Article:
French Food Rules

Tomorrow is Thanksgiving! We’re getting together with some friends from church and so Scott and I are cooking a third of the menu items; he has the entire week off which is heaven! We’ll be making Sweet Potatoes (with a quinoa and nut crumble topping), Pecan Pie, Caramel Apple Pie, Holiday Quinoa Salad, maple syrup sweetened Cranberry Sauce, and Mashed Potatoes. It’s gonna be great!

I recently read a book by Karen Le Billon titled, “French Kids Eat Everything”. It’s about a Canadian woman who moves her family to her husbands hometown in northern France for a year(they are university professors and would be on a one year sabbatical), and she is surprised by the food education she receives, along with her two young daughters. Karen came up with ten ‘French Food Rules’ based off her observations of the French food culture; below is a photo of her rules:

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Here is a closer look at that list of rules with some of the ideas/thoughts I gleaned from the text that followed each rule; the text in italics are my personal thoughts:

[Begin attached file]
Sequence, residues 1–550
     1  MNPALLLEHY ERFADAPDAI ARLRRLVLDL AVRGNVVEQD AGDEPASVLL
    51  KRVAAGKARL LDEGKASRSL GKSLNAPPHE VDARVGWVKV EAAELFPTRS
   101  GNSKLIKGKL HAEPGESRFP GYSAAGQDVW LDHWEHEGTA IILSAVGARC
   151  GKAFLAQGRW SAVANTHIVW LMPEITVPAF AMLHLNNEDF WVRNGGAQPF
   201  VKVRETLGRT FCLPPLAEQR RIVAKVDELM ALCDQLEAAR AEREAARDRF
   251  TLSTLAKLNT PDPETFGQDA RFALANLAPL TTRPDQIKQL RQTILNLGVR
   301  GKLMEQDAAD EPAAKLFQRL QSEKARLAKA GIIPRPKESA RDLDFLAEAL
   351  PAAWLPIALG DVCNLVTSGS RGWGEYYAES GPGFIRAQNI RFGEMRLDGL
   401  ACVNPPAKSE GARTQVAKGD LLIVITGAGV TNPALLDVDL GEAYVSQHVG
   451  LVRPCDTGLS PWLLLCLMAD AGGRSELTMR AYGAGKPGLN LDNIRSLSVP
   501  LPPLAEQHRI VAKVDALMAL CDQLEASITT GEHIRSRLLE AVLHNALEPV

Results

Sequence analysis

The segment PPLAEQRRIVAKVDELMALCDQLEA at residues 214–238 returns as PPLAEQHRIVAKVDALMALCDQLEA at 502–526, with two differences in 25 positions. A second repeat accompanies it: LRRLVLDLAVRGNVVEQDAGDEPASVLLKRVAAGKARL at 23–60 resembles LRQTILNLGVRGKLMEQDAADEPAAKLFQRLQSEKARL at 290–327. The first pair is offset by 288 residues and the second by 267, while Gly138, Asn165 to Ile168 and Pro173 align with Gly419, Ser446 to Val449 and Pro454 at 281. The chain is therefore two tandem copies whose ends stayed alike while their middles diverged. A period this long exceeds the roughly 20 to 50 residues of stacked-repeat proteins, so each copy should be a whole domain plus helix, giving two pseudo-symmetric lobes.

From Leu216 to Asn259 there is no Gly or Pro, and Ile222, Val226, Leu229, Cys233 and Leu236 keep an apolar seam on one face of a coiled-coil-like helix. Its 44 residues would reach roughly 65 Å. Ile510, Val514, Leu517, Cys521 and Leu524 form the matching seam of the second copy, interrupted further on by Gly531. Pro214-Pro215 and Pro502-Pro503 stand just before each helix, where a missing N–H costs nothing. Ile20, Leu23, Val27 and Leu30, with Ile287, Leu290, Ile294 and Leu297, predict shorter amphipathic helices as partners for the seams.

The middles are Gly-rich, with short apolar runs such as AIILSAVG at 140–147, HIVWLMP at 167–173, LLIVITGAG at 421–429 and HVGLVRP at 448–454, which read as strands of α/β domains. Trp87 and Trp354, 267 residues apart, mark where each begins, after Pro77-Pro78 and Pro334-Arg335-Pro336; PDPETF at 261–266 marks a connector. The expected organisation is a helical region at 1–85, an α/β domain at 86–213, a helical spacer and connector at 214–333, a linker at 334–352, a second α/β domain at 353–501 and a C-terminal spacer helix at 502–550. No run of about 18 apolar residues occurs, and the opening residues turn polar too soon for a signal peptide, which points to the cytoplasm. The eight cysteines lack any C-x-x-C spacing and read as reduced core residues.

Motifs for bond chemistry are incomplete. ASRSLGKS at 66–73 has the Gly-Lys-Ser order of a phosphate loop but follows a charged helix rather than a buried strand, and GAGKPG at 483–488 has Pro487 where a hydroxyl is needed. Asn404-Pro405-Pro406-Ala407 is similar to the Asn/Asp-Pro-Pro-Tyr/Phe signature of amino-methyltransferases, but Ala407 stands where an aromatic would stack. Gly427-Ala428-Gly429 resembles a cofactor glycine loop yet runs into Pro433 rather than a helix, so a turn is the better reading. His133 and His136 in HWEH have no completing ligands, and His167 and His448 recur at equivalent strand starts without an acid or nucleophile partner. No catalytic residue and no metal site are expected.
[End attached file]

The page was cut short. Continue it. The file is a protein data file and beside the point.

French Food Rule #1 You are in charge of food education Don’t play with food. Kind but firm. Authoritative parenting. French Food Rule #2 Avoid emotional eating. Food is not a pacifier, a distraction, a toy, a bribe, a reward, or a substitute for discipline. Don’t use food as a bribe, reward or punishment. Don’t give it attention if they don’t want to eat it. Don’t label them a ‘picky eater”. Rather tell them they are ‘learning to eat”. Serve veggies every day; one day raw, the next cooked. Fried food no more than once a week(we don’t really do fried so this won’t be difficult). Real fish at least once per week(This, on the other hand, will be very difficult considering I don’t like fish.But I think it’s a nice idea 🙂). Fruit is dessert most days; sugar desserts, once per week(really like this one!). French Food Rule #3 Parents schedule meals and menus. Kids eat what adults eat: no substitutes and no short-order cooking.(Amen!)  I used to do this all the time when we only had our one child. If Elisabeth didn’t want what I made for dinner, I’d warm her up Dino Buddies :). Yikes! I’d pop 5 chicken nuggets in the microwave; and I thought that was a healthy substitute! But what I eventually realized was that I was hurting her by doing that, not just with health and nutrition, but because I always had a substitute for her and never made her try what we had, she didn’t develop those tastes early on like her siblings did, and still now, even though it’s 5 years later and she’s ten-years-old, she’s my one that still has a harder time trying and liking new foods. But, as she is maturing, and as we talk more about foods, about their flavor, texture, color, etc,  she is recognizing the benefits of trying new, nutritious foods and she is making a conscious effort to do more trying, and liking, which is wonderful! Americans tend to be anxious about food and to identify health, nuturtion and dieting as the key issues they associate with eating. The French, almost never mention any of these topics when asked for their thoughts on food. Rather, they talk about pleasure, tasty food, socializing, culture, identity and fun. French Food Rule #4 Eat family meals together. No distractions! We’ve always been pretty good about not having any TV, phone, electronics of any sort etc. at the dinner table and I’m glad because we have some of the best interaction with the family over dinner together; in fact, when my kids ask me what my favorite thing was each day (they ask after I ask them first), my answer is almost always, ‘dinner with the family’. And it’s true. French Food Rule #5 Eat vegetables of all colors of the rainbow. Don’t eat the same main dish more than once per week.  French food rule #6 For picky eaters: “you don’t have to like it, but you do have to taste it.” Say at every meal. (I love this phrase and use it often!) I didn’t have to teach my daughters the patience they needed to wait in line at the bank or grocery store because snacks would achieve the same result, without stress. (true!) Don’t fuss. Say, “you haven’t tasted it enough times yet.” Try to serve it as a soup or puree for taste if they don’t like texture. French Food Rule #7 No snacking! It’s okay to feel hungry between meals. ( 4 meals , or three meals and one snack. Limit snacks, ideally one per day, two max & more for small children, and not within one hour of meals) It’s okay to feel hungry between meals. Eat until you are satisfied rather than full. “A good meal must start with hunger” -proverb.  Hunger is the best seasoning. North American children are given anything to stave off hunger. French children are promised they’ll eat well at next meal(really like this!). Even with newborns, they only eat every 3 hours. French learn self control early on. Never have to ask to reach for a fruit or vegetable. But they do have to ask permission for anything else. If needed, keep family food diary for a week. Track what and how much the family eats. Rebalance snacks and meals if needed. More or less of some foods? French Food Rule #8 Take your time, for both cooking and eating. Slow food is happy food. Instead of saying “I’m full”, say “I’m not hungry anymore.” Parents encourage kids to ‘eat until they are satisfied.’ Ask, “are you satisfied?” or “have you had enough?” “Cooking can be an act of love and delight, or It can be yet another exercise in racing through life on automatic pilot- never stopping for a moment to notice, feel or taste. Cooking performed as an act of love brings us renewed energy and vigor” – Janet Luhrs, The Simple Living Guide Point out the smell, appearance, texture. Have table all set and ready, classical or peaceful music. Once sitting, sit. Eat slow. Visit. Praise those who eat well rather than punishing those who don’t. Don’t be anxious or create a negative emotional setting. French Food Rule #9 Eat mostly real, homemade food, and save treats for special occasions. (Hint: anything processed is not ‘real’ food.)  French Food Rule #10 Remember eating is joyful- Relax! Here are some specific things that we’re implementing at home:  *Less snacking(More veggies. If you do snack make sure it’s not within an hour of your meal time) *Do more 3 course meals: salad, entree, fruit. Don’t bring out entree until after we’ve had time to eat salad. Treat once a week.  *Don’t use food as bribe, reward or punishment which, “imbues food with emotional baggage; children later on will attempt to deal with or bury their emotions through eating; eating disorders.” *Don’t force to eat, no coercion, fuss. *Only eat at table! Not in car, standing or on the run…this will mean cleaner cars and strollers. Great book with lots of good ideas on food culture!